Winter Gardening, Things to Avoid, Do & Look Out For

Frosted AcerWinter is well and truly upon us and has brought the bitter cold and harsh frosts. During this time the garden can become quite dormant and very little happens. Whilst the weather is like this winter gardening can become very difficult as there is risk of causing more damage to plants then good.

When the weather becomes frosty, there are certain things to avoid whilst in the garden;

 

  • Avoid walking on lawns when it’s frosted, the grass blades are literally frozen. Any activity on the lawn while it is frosty, like walking will “break” the grass blade and damage the lawn. It will recover eventually, but it may not fully bounce back until the following spring.
  • The same applies to mowing lawns. Avoid mowing the lawn during frost periods, the growth rate would have slowed down and therefore it is not essential. If a lawn is mowed when it is frosty it can cause damage which can include blackening of the grass blades.
  • Avoid pruning shrubs when the weather is frosty. This will help prevent die-back. Pruning needs to be done in autumn or early spring when the weather is a bit milder.
  • Avoid planting if the ground is frozen. New plants are unlikely to be able to survive and adapt to their new surroundings if the ground is frozen.

 

Although there are jobs that should be avoided during frosty conditions, there are still a few tasks that you can do to help your garden look good throughout winter and ready for spring.

 

  • If the ground isn’t frozen then you can still weed, this is the perfect time of year to get on top of weeds.
  • Try to keep ponds and water features from freezing over. Moving water doesn’t freeze easily, so keep fountains or waterfalls continuously running throughout the winter.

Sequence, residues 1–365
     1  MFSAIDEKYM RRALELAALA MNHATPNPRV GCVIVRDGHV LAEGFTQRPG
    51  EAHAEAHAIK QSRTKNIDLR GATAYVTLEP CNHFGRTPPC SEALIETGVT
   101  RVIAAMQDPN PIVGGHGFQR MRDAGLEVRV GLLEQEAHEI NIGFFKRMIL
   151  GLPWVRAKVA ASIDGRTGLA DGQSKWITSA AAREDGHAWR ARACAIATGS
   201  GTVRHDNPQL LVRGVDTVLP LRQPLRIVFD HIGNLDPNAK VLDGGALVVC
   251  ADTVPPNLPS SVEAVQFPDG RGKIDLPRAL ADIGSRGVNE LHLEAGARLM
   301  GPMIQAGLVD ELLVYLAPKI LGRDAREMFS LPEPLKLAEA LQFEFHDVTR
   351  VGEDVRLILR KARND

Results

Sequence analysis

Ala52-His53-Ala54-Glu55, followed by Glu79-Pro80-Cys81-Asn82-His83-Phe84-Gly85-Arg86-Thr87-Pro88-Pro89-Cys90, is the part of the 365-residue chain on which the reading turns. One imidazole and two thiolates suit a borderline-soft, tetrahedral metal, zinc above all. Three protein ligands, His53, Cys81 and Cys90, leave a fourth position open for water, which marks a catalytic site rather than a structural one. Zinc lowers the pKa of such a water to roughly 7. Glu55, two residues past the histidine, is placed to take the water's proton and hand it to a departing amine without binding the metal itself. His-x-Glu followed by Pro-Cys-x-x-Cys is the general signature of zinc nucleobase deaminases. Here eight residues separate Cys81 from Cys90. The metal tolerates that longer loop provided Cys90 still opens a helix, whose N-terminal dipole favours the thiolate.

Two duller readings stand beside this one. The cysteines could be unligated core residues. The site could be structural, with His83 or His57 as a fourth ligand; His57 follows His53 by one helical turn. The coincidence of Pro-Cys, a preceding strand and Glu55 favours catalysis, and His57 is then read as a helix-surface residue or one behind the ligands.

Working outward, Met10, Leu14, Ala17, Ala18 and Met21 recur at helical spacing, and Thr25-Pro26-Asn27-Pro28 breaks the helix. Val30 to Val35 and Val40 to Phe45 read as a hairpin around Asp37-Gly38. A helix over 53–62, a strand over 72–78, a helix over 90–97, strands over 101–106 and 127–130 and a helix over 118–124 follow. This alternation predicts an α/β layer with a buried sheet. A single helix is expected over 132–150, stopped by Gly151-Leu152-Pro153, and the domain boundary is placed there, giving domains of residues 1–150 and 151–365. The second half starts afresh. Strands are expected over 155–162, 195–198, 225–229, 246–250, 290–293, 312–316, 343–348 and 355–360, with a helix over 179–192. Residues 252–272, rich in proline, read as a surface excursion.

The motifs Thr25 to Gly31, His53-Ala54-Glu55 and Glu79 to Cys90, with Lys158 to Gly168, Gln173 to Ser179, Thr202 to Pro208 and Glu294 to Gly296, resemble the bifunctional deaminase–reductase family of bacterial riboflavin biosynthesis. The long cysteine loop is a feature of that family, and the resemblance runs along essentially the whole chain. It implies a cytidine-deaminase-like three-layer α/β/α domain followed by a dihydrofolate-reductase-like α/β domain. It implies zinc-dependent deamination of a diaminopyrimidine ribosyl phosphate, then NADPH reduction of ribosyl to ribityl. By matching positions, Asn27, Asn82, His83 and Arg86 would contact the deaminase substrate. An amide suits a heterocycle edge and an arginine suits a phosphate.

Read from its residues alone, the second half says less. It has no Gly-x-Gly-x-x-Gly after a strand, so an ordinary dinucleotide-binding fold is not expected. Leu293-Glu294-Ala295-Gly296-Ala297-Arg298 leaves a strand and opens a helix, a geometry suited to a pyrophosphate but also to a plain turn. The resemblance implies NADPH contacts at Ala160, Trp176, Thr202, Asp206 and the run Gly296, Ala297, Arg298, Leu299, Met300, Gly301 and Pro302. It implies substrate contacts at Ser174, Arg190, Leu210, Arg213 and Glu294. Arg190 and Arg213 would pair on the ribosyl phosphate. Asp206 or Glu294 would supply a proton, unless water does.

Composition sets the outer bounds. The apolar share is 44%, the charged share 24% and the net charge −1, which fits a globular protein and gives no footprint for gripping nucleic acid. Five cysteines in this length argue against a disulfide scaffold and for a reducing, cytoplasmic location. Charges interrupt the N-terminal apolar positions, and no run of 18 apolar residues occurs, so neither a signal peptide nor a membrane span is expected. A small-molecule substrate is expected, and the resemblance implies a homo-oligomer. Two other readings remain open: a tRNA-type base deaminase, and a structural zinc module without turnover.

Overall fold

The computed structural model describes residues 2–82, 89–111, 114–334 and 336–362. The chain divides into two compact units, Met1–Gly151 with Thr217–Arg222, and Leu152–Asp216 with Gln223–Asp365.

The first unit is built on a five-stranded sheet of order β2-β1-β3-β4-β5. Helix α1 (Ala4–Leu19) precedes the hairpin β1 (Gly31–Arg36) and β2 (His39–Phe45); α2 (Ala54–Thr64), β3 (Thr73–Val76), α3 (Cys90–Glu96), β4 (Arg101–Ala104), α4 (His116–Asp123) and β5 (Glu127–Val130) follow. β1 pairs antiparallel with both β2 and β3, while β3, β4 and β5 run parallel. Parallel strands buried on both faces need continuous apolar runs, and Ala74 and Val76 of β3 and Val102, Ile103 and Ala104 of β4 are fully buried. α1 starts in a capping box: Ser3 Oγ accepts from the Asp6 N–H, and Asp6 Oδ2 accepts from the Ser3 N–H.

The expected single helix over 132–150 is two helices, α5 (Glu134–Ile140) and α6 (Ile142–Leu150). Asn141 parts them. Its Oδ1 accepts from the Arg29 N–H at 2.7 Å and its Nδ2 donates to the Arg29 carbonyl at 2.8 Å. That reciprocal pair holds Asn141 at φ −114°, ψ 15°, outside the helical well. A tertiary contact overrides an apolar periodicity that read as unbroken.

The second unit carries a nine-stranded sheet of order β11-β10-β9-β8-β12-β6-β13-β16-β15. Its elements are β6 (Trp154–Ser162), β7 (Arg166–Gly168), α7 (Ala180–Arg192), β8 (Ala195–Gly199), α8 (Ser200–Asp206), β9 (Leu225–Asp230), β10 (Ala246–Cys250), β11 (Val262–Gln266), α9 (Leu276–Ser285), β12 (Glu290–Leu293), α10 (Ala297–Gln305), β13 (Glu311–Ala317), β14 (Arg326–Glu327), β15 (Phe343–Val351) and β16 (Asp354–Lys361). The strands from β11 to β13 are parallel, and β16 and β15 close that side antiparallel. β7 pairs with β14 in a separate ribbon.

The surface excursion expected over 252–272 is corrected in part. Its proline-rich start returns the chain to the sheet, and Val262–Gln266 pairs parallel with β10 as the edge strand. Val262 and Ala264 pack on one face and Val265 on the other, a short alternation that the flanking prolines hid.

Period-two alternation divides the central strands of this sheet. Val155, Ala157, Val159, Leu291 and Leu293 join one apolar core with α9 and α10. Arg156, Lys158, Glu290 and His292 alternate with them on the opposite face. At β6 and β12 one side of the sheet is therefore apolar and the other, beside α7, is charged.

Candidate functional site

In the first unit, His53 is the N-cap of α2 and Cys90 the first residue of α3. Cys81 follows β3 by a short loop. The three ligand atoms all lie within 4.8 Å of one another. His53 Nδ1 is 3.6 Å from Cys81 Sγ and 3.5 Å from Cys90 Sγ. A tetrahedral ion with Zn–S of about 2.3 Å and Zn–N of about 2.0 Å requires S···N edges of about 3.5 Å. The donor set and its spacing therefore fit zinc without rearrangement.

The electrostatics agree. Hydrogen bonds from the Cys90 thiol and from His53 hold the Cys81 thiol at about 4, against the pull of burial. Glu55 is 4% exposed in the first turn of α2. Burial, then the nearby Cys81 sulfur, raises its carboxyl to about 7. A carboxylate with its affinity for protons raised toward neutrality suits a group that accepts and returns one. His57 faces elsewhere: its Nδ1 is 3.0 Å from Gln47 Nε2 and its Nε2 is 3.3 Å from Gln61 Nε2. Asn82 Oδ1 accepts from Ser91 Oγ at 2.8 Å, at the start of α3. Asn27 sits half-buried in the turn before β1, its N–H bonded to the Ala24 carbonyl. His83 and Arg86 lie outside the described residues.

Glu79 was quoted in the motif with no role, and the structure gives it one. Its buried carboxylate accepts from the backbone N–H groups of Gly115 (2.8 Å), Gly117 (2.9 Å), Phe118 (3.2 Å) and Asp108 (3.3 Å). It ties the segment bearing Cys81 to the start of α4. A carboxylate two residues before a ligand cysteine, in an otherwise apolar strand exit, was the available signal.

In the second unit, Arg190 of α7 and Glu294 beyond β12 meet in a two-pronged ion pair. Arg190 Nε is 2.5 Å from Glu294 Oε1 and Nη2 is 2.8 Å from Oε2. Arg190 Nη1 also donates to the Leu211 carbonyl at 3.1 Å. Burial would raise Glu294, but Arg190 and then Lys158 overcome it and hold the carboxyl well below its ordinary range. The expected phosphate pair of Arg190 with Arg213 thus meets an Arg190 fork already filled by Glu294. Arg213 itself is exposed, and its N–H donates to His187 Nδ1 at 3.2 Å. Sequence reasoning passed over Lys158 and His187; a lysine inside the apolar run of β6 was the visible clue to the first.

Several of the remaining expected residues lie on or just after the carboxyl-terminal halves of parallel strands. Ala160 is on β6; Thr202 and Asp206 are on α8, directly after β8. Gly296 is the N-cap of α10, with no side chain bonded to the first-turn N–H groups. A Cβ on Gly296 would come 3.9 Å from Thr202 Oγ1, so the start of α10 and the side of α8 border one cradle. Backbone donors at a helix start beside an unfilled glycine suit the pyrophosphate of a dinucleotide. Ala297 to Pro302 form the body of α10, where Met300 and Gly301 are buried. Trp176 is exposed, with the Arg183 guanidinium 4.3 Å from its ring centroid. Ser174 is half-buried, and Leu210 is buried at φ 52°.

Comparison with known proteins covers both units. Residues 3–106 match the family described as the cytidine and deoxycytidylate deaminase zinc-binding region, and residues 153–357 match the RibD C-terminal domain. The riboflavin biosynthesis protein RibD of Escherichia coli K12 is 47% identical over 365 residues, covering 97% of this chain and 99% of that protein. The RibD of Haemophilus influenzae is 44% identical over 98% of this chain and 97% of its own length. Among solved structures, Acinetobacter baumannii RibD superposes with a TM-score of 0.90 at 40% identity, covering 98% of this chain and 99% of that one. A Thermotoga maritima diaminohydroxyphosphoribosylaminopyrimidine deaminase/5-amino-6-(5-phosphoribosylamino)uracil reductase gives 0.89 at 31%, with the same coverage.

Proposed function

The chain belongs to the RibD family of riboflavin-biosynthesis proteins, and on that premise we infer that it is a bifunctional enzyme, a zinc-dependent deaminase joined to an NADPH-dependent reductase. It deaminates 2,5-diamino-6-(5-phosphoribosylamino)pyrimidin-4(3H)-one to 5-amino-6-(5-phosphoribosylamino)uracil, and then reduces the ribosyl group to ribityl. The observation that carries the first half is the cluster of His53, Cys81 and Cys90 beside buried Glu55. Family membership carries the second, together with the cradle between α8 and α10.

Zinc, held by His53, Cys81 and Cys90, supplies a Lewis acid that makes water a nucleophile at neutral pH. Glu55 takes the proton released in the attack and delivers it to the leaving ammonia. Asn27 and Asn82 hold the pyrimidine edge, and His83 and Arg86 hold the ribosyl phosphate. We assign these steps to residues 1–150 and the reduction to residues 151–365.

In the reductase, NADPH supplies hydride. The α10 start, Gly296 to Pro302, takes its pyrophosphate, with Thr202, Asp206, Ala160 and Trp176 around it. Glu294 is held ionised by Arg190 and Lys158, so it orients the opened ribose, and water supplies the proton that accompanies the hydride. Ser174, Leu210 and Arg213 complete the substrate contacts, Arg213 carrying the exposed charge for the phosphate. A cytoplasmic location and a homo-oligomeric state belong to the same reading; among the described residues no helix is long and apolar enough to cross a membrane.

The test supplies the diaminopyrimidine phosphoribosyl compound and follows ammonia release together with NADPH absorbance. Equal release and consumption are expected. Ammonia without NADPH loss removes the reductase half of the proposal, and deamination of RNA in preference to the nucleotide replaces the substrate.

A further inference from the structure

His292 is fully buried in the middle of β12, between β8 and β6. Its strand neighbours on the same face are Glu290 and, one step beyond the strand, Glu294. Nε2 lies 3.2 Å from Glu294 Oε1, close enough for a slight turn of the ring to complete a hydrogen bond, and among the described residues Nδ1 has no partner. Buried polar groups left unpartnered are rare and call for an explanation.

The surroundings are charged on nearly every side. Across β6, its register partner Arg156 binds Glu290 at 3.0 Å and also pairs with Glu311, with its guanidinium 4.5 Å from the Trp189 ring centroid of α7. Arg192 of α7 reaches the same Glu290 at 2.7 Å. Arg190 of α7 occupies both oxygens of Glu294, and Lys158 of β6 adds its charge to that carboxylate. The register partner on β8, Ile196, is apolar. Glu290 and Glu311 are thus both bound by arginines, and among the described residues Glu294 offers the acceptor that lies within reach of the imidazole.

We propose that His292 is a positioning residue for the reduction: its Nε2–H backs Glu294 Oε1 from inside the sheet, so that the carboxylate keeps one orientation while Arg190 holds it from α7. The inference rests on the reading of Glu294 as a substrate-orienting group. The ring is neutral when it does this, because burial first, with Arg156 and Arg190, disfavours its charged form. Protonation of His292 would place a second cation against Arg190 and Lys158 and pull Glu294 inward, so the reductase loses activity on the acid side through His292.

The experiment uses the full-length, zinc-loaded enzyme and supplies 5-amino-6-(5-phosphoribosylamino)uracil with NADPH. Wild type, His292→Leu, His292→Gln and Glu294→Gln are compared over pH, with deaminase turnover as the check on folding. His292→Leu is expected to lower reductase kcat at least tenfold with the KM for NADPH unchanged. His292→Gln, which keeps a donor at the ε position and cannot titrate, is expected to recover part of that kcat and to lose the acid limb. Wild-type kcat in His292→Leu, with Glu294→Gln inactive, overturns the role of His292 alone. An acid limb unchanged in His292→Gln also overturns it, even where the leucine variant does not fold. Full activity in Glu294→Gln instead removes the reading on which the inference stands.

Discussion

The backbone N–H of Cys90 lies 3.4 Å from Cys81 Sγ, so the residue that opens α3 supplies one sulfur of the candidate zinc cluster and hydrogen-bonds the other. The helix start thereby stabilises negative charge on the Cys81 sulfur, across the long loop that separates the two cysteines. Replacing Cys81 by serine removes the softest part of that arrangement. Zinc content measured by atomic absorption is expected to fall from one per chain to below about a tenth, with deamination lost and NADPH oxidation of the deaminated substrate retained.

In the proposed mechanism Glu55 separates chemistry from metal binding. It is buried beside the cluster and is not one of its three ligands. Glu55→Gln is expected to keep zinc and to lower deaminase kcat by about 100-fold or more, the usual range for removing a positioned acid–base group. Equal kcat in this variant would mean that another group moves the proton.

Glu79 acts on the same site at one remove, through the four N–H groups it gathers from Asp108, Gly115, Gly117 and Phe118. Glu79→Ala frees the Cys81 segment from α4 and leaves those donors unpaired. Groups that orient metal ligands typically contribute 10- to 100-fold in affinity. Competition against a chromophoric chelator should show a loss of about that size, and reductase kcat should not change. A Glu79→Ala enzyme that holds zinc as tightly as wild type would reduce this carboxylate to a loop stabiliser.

• Create winter structures to help prevent from the frost.
  • Provide feed for the birds.
  • Keep clearing leave off patios and decks to avoid them becoming slippery and a hazard.

 

The cold weather can cause water damage in the plants, when the water freezes it can cause damage to cell walls. Frost-damaged plants are easy to spot; they become limp, blackened and distorted. Evergreen plants with frost damage will turn brown. Those plants that are facing the morning sun are more likely to suffer from water damage as the heat causes the frost to melt too quickly which can cause the cell walls to become ruptured.

 

There are ways to minimise frost damage to your garden during these times of frost;

  • Evergreen plants will benefit from a layer of mulch at their base. This will prevent the soil from becoming frosted; therefore this will allow them to take up moisture during periods of cold weather.
  • Grow tender plants in pots so they can be moved inside during bad weather.
  • Place pots on pot feet to prevent them from becoming waterlogged.
  • Plants that are trained against walls or are tender plants growing in the open ground can be protected with a simple fleece-covered frame.
  • Ferns and palms should be insulated by wrapping them in layers of fleece or hessian stuffed with straw.
  • Leave the old growth of tender plants unpruned over the winter months, this will help protect the central crown of the plant from being damaged by frost.

Do not automatically give up on a plant that has been frost damaged. Many plants can be surprisingly resilient and may well rejuvenate from dormant buds at or below soil level. This takes time so recovery may not be seen until early summer.

Remember that although there may not be that much to do in the garden during the winter months it is the perfect time to start planning for next year.